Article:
Safety during the winter months should be your number one priority, especially if you plan to stay healthy with regular outdoor exercises. No matter what you are doing in the great outdoors, you’ll need to stay warm. Layering your outfits is one of the most fundamental tips for handling frigid weather outside. Avoid frostbite and hypothermia while remaining active outside by learning how to layer clothing for cold weather. Proper layering techniques can save your life in the dangerous conditions associated with a brutal winter.
It is important to know why you are layering up before you begin. When you exercise outdoors or perform any activity in cold weather, you may start to sweat. If you are familiar with outdoor hypothermia tips, you’ll know that when your clothes get wet from rain or water hazards, you need to change as soon as possible. Sweaty clothes act the same way in freezing temperatures. Though you might feel hot underneath your layers as you exercise, the water in sweat saps body heat quickly, resulting in a sneaking hypothermia.
If you begin to notice the signs of hypothermia, such as shivering or dizziness, get indoors as soon as you can. Hypothermia is difficult to recognize until it is too late and can cause confusion that limits your critical decision-making. You also need to go indoors if any of your layers get wet and will not dry out. If you fail to feel better after taking some time to warm up, you may need to go to seek medical attention.
Dressing for inclement weather is a tricky process to master. You may need to give yourself extra time each day to prepare before heading outside. Each layer of clothing that you need has a name and a purpose. You may already practice using these layers when dressing for the winter, but knowing the reasons behind dressing this way will help you organize your daily wardrobe routine.
Though skintight clothing does not do a particularly good job of keeping you warm on its own, it does provide a solid base layer upon which you can build your warm wintery outfit. The base layer of clothing, also known as the underwear layer, is no more than one thin layer of clothes. The best protection from hypothermia is a skintight, waterproof shirt that loops around your thumb. Thumb sleeves make sure that cold air can’t sneak in through the gap near your wrist between your outer layer and your gloves.
If you are planning to exercise, make sure that your base layer is athlete-grade quality. A simple shirt underneath all your layers may keep you warm during low activity, but once it gets sweaty, it may not dry out as quickly. Owning an underlayer made from waterproof, quick-drying material is essential for an active lifestyle. It will also provide one last layer to keep environmental water dangers, like rain or sea spray, from touching your skin if it breaches your outer shell.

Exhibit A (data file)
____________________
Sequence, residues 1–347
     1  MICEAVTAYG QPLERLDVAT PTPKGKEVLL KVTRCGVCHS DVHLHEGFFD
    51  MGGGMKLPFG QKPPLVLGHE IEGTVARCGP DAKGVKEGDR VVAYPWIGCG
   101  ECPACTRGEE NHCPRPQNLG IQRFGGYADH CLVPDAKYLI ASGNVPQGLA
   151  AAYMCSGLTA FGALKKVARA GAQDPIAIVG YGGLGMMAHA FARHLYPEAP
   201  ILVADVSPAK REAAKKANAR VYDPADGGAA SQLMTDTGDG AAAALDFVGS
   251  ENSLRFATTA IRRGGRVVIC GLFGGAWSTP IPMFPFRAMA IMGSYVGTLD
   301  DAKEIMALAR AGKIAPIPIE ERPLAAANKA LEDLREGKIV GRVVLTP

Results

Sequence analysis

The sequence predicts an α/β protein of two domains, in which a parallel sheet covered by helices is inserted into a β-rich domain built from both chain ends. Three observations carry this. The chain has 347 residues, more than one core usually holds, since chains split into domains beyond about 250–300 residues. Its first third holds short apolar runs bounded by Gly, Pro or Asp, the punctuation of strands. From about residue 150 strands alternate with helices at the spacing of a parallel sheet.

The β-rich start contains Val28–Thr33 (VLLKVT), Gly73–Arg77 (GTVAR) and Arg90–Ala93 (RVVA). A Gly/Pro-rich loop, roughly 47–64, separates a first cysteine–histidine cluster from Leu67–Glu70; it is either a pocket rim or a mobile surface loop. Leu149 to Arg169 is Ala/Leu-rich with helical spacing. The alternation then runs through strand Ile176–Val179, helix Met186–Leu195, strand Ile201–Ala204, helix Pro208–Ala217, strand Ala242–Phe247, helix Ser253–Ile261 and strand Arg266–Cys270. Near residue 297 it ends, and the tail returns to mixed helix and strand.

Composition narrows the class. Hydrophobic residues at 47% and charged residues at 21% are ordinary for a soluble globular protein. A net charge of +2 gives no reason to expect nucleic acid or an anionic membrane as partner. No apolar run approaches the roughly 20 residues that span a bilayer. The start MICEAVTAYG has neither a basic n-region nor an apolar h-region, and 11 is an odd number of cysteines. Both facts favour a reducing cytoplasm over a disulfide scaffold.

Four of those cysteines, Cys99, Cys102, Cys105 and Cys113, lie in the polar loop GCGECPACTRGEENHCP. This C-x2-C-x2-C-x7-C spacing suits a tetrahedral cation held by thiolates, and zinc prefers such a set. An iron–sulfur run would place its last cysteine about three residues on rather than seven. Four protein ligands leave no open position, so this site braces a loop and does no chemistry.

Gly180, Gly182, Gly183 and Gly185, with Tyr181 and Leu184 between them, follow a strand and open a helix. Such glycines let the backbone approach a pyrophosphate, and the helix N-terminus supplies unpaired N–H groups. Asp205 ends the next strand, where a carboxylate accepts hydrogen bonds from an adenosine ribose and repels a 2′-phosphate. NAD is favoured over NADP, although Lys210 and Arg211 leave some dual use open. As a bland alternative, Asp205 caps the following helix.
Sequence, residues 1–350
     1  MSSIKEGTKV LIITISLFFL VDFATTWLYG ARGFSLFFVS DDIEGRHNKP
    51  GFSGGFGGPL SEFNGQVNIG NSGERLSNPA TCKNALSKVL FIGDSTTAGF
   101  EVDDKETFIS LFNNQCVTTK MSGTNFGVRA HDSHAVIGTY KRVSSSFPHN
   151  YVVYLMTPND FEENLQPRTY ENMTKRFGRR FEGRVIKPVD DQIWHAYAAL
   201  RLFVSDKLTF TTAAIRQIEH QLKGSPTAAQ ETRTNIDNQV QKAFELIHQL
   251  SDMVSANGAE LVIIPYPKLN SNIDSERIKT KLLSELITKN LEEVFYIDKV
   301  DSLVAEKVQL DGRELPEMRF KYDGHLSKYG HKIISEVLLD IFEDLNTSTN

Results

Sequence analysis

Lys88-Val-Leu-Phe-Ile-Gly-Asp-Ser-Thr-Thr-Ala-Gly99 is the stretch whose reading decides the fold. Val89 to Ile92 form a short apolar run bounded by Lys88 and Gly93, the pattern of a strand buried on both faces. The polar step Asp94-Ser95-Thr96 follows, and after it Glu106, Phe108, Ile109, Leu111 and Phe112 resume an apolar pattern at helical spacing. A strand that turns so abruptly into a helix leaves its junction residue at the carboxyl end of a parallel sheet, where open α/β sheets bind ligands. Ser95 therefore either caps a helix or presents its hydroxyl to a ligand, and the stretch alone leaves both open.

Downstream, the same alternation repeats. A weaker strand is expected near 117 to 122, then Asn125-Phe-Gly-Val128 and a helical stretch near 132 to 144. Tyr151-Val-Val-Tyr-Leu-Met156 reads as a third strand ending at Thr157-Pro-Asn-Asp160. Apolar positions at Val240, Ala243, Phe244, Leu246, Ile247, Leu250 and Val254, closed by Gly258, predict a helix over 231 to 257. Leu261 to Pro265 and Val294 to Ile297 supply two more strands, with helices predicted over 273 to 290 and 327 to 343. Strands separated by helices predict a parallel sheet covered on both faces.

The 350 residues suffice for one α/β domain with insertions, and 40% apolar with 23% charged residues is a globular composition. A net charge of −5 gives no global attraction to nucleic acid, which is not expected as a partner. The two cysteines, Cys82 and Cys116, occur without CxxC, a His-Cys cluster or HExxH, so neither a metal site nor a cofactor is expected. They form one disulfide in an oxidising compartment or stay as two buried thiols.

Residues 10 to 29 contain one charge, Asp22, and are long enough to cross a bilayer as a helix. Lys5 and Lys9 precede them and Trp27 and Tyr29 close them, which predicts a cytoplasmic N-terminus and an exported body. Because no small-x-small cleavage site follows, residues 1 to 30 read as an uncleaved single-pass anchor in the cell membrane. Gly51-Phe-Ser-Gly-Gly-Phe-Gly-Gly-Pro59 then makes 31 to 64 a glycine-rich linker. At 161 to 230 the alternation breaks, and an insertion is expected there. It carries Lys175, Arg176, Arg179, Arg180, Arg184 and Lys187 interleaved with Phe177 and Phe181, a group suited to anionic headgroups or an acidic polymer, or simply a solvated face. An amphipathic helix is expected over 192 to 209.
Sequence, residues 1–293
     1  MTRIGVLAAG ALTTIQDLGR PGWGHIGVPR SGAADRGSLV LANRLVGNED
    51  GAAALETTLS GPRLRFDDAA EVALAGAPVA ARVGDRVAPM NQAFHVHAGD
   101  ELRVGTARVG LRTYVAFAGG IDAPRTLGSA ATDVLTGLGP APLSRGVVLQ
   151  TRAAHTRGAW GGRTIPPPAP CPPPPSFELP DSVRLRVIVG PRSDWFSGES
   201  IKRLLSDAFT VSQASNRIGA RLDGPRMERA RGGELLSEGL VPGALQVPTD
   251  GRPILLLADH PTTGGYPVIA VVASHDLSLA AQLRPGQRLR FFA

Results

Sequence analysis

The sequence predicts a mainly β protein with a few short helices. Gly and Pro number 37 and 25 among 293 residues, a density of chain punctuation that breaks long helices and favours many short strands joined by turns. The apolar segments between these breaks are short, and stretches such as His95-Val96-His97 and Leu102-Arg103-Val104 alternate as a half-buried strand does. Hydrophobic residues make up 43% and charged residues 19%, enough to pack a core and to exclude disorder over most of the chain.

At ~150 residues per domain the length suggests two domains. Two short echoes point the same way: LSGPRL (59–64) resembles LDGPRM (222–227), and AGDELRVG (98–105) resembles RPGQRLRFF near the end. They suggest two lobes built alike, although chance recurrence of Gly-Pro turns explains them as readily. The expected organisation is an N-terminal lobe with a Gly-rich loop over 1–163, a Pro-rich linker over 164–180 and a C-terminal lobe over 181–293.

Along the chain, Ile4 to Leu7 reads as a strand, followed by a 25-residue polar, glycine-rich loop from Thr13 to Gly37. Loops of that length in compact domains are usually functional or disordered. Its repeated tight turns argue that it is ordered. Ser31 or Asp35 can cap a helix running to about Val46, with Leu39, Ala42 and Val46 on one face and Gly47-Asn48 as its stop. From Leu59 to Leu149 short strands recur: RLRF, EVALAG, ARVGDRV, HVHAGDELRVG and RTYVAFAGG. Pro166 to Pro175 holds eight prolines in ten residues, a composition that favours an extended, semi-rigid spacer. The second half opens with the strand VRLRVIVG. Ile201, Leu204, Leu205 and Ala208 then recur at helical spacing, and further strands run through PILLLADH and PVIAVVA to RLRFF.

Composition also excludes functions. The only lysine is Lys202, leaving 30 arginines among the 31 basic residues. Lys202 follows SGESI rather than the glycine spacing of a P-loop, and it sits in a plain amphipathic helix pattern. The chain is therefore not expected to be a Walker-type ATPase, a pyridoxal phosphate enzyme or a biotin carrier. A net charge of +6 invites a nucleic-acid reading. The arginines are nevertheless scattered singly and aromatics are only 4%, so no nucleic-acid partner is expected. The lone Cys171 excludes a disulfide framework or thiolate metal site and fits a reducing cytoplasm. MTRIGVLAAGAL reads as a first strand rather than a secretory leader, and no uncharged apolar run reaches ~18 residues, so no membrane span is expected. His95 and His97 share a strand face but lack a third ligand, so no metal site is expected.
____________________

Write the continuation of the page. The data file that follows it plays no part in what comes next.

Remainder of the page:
Your middle layer can be several layers of clothing, all dedicated to keeping your body heat in and the cold air out. Much like how you might insulate a home to keep the warm air inside, the same logic applies to your body during the winter. Your body is a natural heater, and being warm-blooded means that you can regulate your own temperature even out in the cold.
Clothes that you put in your middle layer should be easy to remove. Remember to make yourself comfortable—do not overlayer or overlap zippers in a way that will make you uncomfortable. Having stiff movement due to too many layers will not provide you with a rewarding workout. Build from the lightest layers upwards to keep yourself dry.
Currently, the most common and effective means of insulating a body is with down feathers. Many jackets and coats use down feathers in their shells. While a synthetic alternative to down feathers is a work in progress, currently, down feathers are the most effective way to capture body heat.
The outermost layer of your outfit is the most important one because it shields all the other layers. A wet middle layer will not defend you from the cold, but a working outer shell will protect all your middle and inner layers and ensure that you remain comfortable and safe throughout your entire workout. Your outer shell should be large enough to hold all your layers within, so you may need to go up a size when buying the coat. It should also be completely waterproof to protect the less-waterproof secondary layer. As mentioned, water is extremely dangerous for your body in cold conditions.
A secondary factor about your outer layer is style. This is the one layer that people will actually see—so make it count. If outdoor fashion interests you, then find a shell coat that provides you with style and utility.
While they’re technically not their own layer, your outdoor accessories are essential for how to layer clothing for cold weather. Warm, waterproof hats, gloves, and socks are necessary pieces of your outdoor winter wardrobe. The accessories you elect to use will differ based on the activity you are doing, so choose wisely. You may need goggles or a full balaclava when exploring areas with high winds. Select your shoes carefully before you leave your home. You will want shoes with adequate grip to avoid slipping on the ice while also keeping snow and water from seeping into your socks.
“Waterproof” and “water-resistant” are the words to look for whenever you are shopping for winter layers or accessories. Snow is an insidious monster that can cause you more discomfort than you can handle. When you are looking for high-quality outerwear to suit your outdoor activities, browse the selection of top brands at Escape Outdoors. Anything from our collections is sure to keep you warm and dry, even during the worst of winter’s wrath.
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